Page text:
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  7. A.McSp, do I hafta go? I'd rather be dragged behind a manure wagon than step foot inside the virtual walls of the HuffPo(no mo'). Ah, but I see there is little difference between the two, so count me in! Just give me time to pull on my muck-out boots before we go.

    -AP
    USA

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  8. Because Arianna Huffington made $315 million by selling the Puffington Host to AOL. I don't know why anyone would blog for this rag anyway, but if I was creating something for them for free and then they made millions partly off of my work, I would ask to get paid or leave.

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  9. Huff-Po just sold out for BIG money to AOL. I think those free columnists are upset that they didn't get any recognition from A-Huff when she got cut a big ol' money check. Some recognition, monetary or otherwise, was probably in order.
    I say this as a smarter business man. I'm no Huff-Po supporter.

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  10. It'll all be alright. Michael Moore has already said that rich peoples money isn't their own and it belongs to the people. I'm sure any second now he and Ms. Huffington will be throwing wads of cash in the streets in order to practice what they preach!

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  11. Yup. The Huffy Post liberals got their knickers in a bunch over the fact that Arianna isn't *spreading the wealth* around. I love AP-USA's line in the sand- Take a lot of sanitizer with ya, if ya go.

    Judy

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  12. On a side note - isn't Joseph Farrah simply gorgeous? His eyes are beautiful as is his smile.

    Not signing this one. Don't want to embarrass myself or my spouse!

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  13. YES! Joe Farrah is a handsome, handsome man! And I'll sign my name to this! lol And he's a real American treasure, in my view. He's the guy who stands up and calls a spade a spade. (And he's got good sense about the writers he publishes!)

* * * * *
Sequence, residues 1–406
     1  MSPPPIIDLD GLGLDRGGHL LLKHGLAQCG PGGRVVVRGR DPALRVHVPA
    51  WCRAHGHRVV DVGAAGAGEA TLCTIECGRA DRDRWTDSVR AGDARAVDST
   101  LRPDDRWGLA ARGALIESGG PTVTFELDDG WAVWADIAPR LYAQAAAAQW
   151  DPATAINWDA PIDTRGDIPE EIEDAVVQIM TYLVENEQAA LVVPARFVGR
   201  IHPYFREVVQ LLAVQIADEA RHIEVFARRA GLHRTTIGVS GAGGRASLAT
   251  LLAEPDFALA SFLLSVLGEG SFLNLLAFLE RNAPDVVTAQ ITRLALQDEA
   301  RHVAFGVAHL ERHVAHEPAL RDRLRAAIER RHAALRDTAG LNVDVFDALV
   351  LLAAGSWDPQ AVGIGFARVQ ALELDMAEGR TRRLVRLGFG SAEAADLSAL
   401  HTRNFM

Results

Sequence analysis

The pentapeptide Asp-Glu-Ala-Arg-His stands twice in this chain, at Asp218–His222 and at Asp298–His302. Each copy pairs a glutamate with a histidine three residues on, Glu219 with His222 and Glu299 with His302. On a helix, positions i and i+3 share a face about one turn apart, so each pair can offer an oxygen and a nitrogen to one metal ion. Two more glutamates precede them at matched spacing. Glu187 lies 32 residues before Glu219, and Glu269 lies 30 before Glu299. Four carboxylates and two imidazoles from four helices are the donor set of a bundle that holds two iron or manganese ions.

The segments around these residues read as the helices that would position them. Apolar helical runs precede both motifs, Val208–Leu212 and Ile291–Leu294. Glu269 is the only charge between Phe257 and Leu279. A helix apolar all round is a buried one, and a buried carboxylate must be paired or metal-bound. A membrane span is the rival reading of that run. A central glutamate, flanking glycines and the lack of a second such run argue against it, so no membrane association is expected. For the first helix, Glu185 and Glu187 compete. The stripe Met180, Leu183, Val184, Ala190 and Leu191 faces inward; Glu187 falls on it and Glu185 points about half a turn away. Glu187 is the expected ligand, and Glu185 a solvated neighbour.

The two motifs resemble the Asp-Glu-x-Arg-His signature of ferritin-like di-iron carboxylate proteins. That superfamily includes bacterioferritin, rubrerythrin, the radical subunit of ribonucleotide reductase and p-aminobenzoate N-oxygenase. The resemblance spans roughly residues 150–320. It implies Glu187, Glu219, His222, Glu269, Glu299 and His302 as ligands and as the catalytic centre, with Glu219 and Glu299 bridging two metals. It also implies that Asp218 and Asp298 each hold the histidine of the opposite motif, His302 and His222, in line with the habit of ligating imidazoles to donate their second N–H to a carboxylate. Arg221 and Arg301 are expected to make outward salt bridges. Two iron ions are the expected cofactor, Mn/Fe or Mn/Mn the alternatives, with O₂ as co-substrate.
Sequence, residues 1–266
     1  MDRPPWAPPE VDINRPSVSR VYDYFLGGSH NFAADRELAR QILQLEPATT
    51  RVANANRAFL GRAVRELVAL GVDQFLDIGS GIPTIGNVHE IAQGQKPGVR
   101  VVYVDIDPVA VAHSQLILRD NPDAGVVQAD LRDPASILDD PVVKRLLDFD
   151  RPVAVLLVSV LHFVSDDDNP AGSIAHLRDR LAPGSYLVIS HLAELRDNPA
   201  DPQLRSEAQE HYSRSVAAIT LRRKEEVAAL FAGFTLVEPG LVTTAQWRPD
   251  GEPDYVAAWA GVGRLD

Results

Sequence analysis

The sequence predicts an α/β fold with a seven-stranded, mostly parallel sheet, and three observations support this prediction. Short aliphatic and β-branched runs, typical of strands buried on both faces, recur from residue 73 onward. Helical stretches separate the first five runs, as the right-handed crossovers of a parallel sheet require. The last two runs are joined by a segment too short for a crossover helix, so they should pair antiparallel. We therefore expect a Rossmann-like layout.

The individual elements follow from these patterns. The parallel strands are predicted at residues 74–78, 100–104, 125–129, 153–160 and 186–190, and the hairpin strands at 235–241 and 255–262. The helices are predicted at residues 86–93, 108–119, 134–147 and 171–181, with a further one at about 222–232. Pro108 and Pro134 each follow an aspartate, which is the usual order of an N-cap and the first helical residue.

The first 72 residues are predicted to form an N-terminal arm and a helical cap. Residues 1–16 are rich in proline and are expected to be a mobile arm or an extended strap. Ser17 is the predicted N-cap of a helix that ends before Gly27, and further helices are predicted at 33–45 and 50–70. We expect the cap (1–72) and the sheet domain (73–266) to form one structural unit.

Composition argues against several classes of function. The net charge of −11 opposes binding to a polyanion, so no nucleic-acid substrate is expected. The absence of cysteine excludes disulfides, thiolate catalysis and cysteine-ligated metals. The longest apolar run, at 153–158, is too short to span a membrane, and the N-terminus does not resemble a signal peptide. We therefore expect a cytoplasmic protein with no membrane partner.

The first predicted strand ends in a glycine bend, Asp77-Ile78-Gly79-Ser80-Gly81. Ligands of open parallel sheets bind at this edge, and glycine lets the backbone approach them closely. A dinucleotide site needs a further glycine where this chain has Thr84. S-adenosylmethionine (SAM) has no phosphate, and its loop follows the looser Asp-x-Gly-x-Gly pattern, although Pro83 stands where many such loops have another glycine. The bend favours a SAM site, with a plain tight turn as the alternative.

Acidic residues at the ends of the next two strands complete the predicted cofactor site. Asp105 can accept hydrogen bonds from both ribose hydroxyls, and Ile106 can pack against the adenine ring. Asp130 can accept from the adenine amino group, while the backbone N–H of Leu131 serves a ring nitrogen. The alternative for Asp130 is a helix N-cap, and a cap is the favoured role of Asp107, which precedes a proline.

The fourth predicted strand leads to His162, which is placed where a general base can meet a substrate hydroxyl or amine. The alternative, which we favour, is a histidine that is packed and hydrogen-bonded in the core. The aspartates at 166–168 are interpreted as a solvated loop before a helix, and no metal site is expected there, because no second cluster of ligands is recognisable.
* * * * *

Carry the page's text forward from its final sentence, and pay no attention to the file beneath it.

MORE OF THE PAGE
Well, AP and I have our hazmat suits on, our back-up respirators ready, our comm-system checked, our jumbo cans of LIB-AWAY in hand and our side-arms strapped on...prepared for a foray into a highly toxic alien environment.
    ( And for those who may be new here WE'RE KIDDING, FOLKS. It would take a case of chloroform and a heavily armed special forces unit to get us anywhere near that viper's pit of liberal phantasmagoria.)

    Gee...wouldn't it be something if these fools wound up bankrupting HuffPo and its equally disgusting sources of lefty propaganda? OOOOh that would be rich in its cosmically ironic justice, wouldn't it? I know. I know. But ya gotta admit, it's a great thought, isn't it?
    Truth is, intellectual cesspools will never want for material. If the indies "strike" and that source dries up, the obarkbark administration and its army of darkness will always pony up the $$ to pay for them to continue churning out that garbage. They think they gotta.

    A.McSp

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  14. Sorry for this old response. While I am no fan of the Huff. Po., You do you have to see it from professional writer's point of view. There are so many amateur writers being given the "opportunity" to showcase their writing for free, that the legitimate writers who do that for a living to support their family are being squeezed out of work. So many organizations are taking advantage of this pool of "free and unpaid" writing staff, that they can downsize their real and professional writing staff, those who they have to actually pay to work there. Companies are simply taking advantage of this "opportunity" for their own greed. As a professional writer myself and photographer, I have seen how all those "free" images people post on the internet are cutting into the market. It's hard to find work as a photographer. Either people have a cousin who just got an expensive DSLR who will do it for free, or if they need stock photography, they con members of Flickr to give their stuff away for free. Sure, a lot of writers and photographers are getting their "oppotunities," but when it comes time to go "pro," there will probably not be any such thing as a professional writer or photographer. Unless maybe if you're one of the top ten elite. Otherwise, there's no room in the market for you. Try to see it from these people's points of view and understand they have families to feed.

    While I'm at it, to show how bad it's become in the photography field, here's a little joke that's actually fairly true these days:

    Q. What's the difference between a large pepperoni pizza and an aspiring photographer?
    A. A large pepperoni pizza can feed a family of four.